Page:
A lot or a little?
The parents' guide to what's in this TV show.
What parents need to know
Parents need to know that this game show features contestants participating in the type of action stunts normally performed by professionals that could lead to injury and/or death if tried at home. Contestants engaging in these stunts are often shown screaming (sometimes using bleeped expletives) out of real fear. Younger viewers may find it overwhelming or even a little scary.
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What's the story?
From the creators of Wipeout comes 101 WAYS TO LEAVE A GAME SHOW, an American adaptation of a British elimination show in which losing players are forcibly ejected from the competition. Host Jeff Sutphen poses trivia questions to six contestants who are hoping to win the $50,000 grand prize. Each person gets to choose their response from a series of options, one of which is the wrong answer. Those who pick the correct answer stay in the game, while the loser of each round leaves the game by being shot out of a cannon, dropped from a 10-story tower into a pool of water, or some other action-packed method. The person who answers all the questions correctly takes home the cash and avoids a near-death experience.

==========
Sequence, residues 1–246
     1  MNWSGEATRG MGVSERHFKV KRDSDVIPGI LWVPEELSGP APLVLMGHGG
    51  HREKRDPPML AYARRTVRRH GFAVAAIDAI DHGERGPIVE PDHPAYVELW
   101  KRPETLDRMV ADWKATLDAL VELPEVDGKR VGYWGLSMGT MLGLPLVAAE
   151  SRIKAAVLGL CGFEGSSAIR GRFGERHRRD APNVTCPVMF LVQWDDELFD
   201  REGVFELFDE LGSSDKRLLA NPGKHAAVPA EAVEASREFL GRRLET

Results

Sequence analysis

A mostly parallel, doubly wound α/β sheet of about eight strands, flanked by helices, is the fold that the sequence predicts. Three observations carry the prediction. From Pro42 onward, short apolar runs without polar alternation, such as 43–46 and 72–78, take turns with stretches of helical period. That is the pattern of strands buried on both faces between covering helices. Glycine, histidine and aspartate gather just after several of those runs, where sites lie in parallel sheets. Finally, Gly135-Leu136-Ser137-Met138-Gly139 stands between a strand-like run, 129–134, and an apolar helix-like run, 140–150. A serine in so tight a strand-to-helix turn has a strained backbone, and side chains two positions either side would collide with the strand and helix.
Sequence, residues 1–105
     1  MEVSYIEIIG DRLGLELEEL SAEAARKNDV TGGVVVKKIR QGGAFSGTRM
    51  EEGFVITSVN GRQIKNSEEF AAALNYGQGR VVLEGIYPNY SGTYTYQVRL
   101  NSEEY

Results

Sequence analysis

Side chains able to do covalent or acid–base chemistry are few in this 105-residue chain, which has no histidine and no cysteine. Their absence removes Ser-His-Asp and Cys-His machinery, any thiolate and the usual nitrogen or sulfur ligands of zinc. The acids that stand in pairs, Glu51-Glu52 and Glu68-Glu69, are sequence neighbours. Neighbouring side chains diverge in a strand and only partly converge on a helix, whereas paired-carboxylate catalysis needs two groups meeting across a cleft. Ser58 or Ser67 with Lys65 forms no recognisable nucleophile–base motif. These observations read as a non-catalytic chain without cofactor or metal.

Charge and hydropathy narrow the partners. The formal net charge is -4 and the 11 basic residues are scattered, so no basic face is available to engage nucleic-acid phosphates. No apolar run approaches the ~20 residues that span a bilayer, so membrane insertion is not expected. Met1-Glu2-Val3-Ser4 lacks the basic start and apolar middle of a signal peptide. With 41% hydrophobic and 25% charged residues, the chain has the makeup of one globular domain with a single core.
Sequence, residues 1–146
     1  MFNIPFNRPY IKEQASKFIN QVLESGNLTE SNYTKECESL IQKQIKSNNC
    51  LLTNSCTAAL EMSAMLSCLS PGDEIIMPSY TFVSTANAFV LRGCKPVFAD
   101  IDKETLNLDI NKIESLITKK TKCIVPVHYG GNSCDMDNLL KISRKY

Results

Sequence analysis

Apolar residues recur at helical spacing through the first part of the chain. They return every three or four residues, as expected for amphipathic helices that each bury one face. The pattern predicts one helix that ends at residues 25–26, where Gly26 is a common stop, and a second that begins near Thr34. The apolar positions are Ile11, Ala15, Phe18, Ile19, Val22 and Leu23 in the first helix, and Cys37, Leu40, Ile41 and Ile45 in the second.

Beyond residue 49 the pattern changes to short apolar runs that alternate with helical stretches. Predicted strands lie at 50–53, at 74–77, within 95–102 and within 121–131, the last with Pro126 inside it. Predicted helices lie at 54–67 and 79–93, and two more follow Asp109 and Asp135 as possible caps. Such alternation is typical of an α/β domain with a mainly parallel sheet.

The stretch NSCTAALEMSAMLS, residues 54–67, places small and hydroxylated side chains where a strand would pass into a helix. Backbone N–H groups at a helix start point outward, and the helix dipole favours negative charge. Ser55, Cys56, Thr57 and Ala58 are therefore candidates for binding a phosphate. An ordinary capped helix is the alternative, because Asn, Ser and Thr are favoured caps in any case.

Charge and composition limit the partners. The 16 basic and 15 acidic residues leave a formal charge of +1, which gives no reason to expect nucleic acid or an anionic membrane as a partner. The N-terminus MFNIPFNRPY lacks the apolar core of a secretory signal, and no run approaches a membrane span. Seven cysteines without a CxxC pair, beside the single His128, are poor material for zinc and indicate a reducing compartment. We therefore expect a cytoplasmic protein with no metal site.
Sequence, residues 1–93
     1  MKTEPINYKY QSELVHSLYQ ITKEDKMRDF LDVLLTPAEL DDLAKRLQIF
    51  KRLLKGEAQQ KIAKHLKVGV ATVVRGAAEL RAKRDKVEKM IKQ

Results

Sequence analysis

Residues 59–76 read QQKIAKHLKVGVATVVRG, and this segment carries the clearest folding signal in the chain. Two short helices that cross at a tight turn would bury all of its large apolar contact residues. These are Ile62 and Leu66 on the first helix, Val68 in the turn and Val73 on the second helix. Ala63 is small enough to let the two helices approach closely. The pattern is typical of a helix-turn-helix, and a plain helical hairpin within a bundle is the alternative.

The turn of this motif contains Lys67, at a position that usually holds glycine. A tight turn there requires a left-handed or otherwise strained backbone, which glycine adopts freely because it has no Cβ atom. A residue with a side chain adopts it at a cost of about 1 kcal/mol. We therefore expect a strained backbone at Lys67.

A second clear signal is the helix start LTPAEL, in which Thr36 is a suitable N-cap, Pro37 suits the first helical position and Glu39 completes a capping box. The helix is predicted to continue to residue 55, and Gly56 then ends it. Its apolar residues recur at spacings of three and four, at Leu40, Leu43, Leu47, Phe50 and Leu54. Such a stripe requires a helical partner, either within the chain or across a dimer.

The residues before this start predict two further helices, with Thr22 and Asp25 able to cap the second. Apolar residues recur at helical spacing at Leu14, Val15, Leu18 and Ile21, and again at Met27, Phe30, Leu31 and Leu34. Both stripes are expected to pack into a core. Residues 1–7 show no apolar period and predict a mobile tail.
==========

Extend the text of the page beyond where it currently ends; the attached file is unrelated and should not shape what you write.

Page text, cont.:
Is it any good?
The series mixes fun trivia with the kind of suspense that will have viewers on pins and needles as they wait to see which of the terrified contestants will be making a spectacular exit at the end of each round. They'll also find some of the questions, which deal mostly with popular culture, fun to answer on their own.
The show isn't mean spirited, but folks may question why anyone would subject themselves to these kinds of crazy stunts. Some might wonder whether they'd have the guts to appear on a game show to face their fears if it meant winning money. Regardless, watching others who've already made that decision is entertaining.
Talk to your kids about ...
Families can talk about what motivates people to compete in shows that put them at risk of having to participate in frightening and/or potentially humiliating stunts. Is it the money? A chance to be on camera? Or is it just for fun?
Would you be willing to take part in a competition like this? Do you think these kinds of competitions ever go too far?
Our editors recommend
For kids who love fun reality TV
Common Sense Media's unbiased ratings are created by expert reviewers and aren't influenced by the product's creators or by any of our funders, affiliates, or partners.
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